How to create a “safe” home for a transgender person
By Michael KriegerPublished November 21, 2018 07:17:13An 18-year-old transgender man is trying to raise funds to help a homeless transgender woman who he says is facing harassment and discrimination in her home.
Brynn M. Smith was homeless when she transitioned from male to female.
She’s also a student at Southern Methodist University, where she plans to major in computer science.
Her story has sparked a conversation about transgender identity, the need to build safer homes for transgender people, and how to find safe spaces.
A transgender woman, she was forced to live in a bathroom stall and wash her hands in public restrooms because her school did not allow transgender students to use the bathroom, Smith said.
She says she was able to find a safe place to shower with her parents, who had moved to a different building after their son’s death, and her siblings.
She also used a gender-neutral restroom at school.
But her bathroom was located in a common area and accessible to everyone, she said.
Transgender students are under-represented in the U.S. armed forces, according to a new study released by the RAND Corporation.
In 2017, the RAND study found that transgendered individuals were at a higher risk of being victims of domestic violence than the general population.
The study said that for every 1,000 transgenders in the armed forces it found, only 16.3 percent had reported being attacked, and just 1.7 percent had been physically assaulted.
That’s the same rate for non-transgender people, the study found.
In 2016, RAND found that only 0.6 percent of transgender people had been killed.
In her case, Smith says she’s been subjected to harassment, sexual assault and bullying.
In March, she called the police and reported a hostile work environment.
She says her employer threatened to report her to HR if she did not leave the workplace.
Smith says she called HR because she had been harassed and verbally abused.
Smith says that she also reported a bullying incident to HR and the university.
But the university told Smith she was not a protected class.
Smith’s parents, a single mother and a single father, were reluctant to give their children up for adoption.
Smith said that when her father told her to leave the house because she was transgender, she thought, I have to get a lawyer.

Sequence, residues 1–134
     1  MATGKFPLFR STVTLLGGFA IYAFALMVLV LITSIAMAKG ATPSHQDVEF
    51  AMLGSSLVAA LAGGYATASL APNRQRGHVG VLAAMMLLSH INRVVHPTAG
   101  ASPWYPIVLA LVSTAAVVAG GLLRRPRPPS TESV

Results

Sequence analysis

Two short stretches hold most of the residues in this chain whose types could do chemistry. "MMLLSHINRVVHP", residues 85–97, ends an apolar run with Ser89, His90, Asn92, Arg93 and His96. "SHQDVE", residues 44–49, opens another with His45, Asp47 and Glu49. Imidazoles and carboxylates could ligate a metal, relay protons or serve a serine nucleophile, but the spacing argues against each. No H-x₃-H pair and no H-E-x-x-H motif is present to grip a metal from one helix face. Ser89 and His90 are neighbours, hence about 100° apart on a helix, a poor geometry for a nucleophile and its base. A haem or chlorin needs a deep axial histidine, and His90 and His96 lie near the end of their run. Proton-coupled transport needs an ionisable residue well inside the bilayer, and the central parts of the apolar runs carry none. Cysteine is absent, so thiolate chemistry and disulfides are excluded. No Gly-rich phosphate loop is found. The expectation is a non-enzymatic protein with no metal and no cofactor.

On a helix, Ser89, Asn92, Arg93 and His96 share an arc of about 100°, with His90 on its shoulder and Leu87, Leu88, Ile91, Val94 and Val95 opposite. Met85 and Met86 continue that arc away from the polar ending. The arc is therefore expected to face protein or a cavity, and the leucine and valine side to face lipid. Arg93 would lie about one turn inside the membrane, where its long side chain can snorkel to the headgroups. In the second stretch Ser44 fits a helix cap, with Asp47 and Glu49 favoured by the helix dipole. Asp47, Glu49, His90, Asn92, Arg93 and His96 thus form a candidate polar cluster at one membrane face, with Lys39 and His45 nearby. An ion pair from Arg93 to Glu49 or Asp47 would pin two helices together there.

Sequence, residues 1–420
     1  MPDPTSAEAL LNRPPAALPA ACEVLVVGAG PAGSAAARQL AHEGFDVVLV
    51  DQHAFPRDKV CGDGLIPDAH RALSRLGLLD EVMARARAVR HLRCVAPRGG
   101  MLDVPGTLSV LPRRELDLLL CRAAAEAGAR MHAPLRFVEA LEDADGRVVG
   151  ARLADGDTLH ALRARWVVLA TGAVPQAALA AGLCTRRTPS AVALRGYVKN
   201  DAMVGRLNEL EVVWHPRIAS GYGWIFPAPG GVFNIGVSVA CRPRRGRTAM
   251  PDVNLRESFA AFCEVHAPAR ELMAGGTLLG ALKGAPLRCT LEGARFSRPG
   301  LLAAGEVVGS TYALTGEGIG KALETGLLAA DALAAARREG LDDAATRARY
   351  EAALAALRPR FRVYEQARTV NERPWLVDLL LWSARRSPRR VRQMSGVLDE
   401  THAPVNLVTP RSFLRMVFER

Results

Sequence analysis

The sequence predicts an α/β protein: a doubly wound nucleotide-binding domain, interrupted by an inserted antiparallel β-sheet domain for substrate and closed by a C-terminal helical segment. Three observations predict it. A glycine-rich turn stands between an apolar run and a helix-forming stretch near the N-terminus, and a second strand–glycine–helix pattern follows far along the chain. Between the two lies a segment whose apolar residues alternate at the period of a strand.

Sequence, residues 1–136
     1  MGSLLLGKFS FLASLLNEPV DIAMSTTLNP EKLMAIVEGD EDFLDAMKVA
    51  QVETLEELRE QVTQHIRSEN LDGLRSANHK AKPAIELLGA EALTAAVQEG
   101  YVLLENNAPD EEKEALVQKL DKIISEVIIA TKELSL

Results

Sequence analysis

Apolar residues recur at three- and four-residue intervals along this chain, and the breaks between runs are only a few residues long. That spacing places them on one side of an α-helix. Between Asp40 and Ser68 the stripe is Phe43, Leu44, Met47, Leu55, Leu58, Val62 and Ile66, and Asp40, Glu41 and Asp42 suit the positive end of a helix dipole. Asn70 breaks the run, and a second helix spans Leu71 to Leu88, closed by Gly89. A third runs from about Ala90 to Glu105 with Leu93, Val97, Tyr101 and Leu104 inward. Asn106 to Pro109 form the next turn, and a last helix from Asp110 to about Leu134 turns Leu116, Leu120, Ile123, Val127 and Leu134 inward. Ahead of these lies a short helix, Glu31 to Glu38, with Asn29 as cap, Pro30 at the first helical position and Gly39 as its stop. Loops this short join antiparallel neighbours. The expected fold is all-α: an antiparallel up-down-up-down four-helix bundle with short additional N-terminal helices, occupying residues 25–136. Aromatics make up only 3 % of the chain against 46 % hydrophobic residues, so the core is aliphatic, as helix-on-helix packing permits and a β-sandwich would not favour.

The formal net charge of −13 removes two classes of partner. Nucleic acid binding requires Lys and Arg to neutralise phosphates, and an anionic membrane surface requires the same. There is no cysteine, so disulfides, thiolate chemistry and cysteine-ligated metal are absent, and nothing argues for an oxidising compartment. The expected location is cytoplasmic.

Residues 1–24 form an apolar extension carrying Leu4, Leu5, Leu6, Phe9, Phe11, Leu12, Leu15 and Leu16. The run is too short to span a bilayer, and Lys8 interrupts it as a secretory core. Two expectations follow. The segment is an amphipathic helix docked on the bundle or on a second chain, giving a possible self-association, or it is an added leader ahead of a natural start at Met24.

Smith said she was told that she had no right to be in the home, that her parents would not be happy if she left.
She believes that they will have her transferred to another facility because they fear that she will be in danger.
Smith, who now lives in the Dallas area, has a court hearing scheduled for November 22.
In an interview with the Washington Post, Smith shared some of the details of the harassment she experienced while she was living in the common area.
The first time I was kicked out, I was standing on the bathroom floor, with my hands on my knees and a towel covering my genitals.
And I had a woman in my living room, who was holding a knife to my throat, trying to stab me.
I was terrified.
I would never be able to leave, she told the Post.
It was like being locked in a basement.
I was in fear for my safety, and I would never leave my house, Smith told the paper.
In the middle of my life, Smith began receiving hate mail and death threats, including one from a man who said he had been waiting on a death threat against her.
The man said that he would “blow your [sic] brains out.”
The threats made Smith feel isolated and violated, she tells the Post in the interview.
I didn’t feel like I was alone, and that I was not alone, she says.
The threats continued.
I received emails from people saying I was a terrorist and that it was a “coup.”
I received messages saying I should be killed because I had to leave.
I received messages from people telling me I had made a mistake, that they were going to take my life.
I had to flee because I didn’t want to be homeless, she recalled.
But it was my job, and it was not my choice.
She has since received a job offer from a company that she says will help her find housing.
A shelter program is not enough, she fears, and the money will not help her.
In a letter to Smith’s mother, Smith wrote that the “safety and privacy of transgabled people should be paramount,” and that the university was doing a poor job of protecting transgated students.
I am currently homeless and in need of help, she wrote.
I need to find the resources and the space I need to live safely in my new identity.
I’m still struggling with the reality that my transgendering is not recognized as a legal status, and as a transgender, I am still living as a woman, according the letter.
Smith wants to find an institution where she